A Dorset County Council spokesperson said: “When resources allow we will try to make sure that footways in town centres, approaches to schools and areas at bus stops are cleared of snow to keep conditions safe for pedestrians.

“We are working with town and district councils, so that they can deploy their own resources to deal with shopping precincts and footways in urban areas.

“People using areas affected by snow and ice also have responsibility to be careful themselves and full details of the Snow Code can be found at direct.gov.uk”

The winter of 2009-10 brought about 18 times more snow and ice related hospital admissions than that of 2008-09 and a cost to the country of around £42million.

Living Streets says that councils have a legal duty to ensure that safe movement on the highway, including on pavements, is not endangered by snow or ice.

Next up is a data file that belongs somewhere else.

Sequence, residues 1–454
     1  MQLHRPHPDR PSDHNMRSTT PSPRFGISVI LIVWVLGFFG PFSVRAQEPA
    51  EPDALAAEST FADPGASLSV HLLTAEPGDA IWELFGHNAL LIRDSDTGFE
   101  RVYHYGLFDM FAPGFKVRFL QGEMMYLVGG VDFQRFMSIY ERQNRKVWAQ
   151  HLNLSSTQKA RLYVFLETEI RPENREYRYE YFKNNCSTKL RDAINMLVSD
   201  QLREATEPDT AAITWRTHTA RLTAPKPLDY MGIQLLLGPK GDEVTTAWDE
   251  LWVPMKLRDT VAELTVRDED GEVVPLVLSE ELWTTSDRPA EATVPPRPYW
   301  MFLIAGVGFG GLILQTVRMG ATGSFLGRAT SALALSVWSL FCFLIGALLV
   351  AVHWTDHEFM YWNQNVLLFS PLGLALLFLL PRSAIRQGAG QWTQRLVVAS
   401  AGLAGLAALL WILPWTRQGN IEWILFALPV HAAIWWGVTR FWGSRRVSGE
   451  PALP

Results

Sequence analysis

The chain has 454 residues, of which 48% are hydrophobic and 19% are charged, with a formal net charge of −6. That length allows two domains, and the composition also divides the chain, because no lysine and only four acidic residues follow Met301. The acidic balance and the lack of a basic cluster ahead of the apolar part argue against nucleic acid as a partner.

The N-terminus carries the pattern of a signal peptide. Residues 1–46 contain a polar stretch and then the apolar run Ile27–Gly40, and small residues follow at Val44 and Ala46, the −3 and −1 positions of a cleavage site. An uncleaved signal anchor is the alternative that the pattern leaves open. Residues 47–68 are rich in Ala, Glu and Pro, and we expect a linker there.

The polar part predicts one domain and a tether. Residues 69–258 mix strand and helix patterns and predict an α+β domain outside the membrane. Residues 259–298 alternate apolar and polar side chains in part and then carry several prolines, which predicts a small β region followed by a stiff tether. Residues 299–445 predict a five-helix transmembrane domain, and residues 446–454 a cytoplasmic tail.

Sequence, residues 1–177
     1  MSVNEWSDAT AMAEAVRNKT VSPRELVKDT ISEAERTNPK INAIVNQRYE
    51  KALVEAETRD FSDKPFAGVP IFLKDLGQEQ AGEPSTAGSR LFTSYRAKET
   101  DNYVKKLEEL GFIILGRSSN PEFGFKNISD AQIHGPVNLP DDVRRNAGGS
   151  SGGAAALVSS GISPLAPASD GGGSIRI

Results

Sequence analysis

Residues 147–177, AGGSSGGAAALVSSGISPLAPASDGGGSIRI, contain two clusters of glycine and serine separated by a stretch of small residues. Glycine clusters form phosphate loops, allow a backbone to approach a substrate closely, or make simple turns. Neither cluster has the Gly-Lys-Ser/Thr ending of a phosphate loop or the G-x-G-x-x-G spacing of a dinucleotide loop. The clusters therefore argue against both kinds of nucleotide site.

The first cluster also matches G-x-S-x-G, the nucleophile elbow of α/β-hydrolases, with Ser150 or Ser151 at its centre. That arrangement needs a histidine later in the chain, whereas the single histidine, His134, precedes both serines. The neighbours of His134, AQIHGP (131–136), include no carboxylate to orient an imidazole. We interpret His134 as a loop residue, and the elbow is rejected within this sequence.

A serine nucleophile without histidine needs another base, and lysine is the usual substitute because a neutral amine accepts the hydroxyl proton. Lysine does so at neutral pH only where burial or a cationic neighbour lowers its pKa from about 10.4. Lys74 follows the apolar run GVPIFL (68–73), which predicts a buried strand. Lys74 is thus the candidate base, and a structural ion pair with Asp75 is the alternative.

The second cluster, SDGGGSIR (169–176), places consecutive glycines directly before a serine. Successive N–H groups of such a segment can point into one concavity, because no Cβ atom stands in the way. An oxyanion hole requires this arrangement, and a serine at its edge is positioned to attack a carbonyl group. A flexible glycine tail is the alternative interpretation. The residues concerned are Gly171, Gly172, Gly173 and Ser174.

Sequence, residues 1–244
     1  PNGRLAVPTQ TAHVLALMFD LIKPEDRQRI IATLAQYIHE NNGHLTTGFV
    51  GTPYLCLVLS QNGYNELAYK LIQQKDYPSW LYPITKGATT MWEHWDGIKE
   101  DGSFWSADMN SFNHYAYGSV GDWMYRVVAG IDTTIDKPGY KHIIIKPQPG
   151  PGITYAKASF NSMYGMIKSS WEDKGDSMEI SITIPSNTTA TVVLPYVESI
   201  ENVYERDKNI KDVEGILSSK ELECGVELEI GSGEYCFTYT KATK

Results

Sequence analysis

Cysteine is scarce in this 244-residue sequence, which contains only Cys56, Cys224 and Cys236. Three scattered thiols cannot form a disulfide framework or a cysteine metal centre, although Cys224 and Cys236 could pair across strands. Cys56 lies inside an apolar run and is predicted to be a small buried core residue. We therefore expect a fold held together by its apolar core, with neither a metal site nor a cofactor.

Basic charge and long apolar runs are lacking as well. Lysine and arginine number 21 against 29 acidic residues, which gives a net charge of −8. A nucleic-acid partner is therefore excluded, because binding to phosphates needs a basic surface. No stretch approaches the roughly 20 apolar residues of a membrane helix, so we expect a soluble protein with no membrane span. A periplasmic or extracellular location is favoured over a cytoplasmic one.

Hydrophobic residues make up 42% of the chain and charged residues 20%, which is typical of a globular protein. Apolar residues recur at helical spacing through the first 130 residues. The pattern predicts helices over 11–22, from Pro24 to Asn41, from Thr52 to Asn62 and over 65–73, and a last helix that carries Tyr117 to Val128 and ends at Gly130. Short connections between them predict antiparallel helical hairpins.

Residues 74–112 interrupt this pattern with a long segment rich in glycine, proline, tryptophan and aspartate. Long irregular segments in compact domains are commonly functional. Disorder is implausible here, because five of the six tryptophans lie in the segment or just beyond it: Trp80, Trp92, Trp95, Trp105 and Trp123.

For more information on Living Streets’ initiative, go to livingstreets.org.uk/icy

Comments (6)

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4:28pm Wed 7 Dec 11

P Barker says...

Last year I walked to walk a number of time as the roads were two bad for 2 wheels. Some people had cleared the pavement outside their houses, but 95% had not. Rather than expecting the council to grit everything, surely in extreme weather we should all do our bit and clear our piece of pavement ourselves ?
Last year I walked to walk a number of time as the roads were two bad for 2 wheels. Some people had cleared the pavement outside their houses, but 95% had not. Rather than expecting the council to grit everything, surely in extreme weather we should all do our bit and clear our piece of pavement ourselves ? P Barker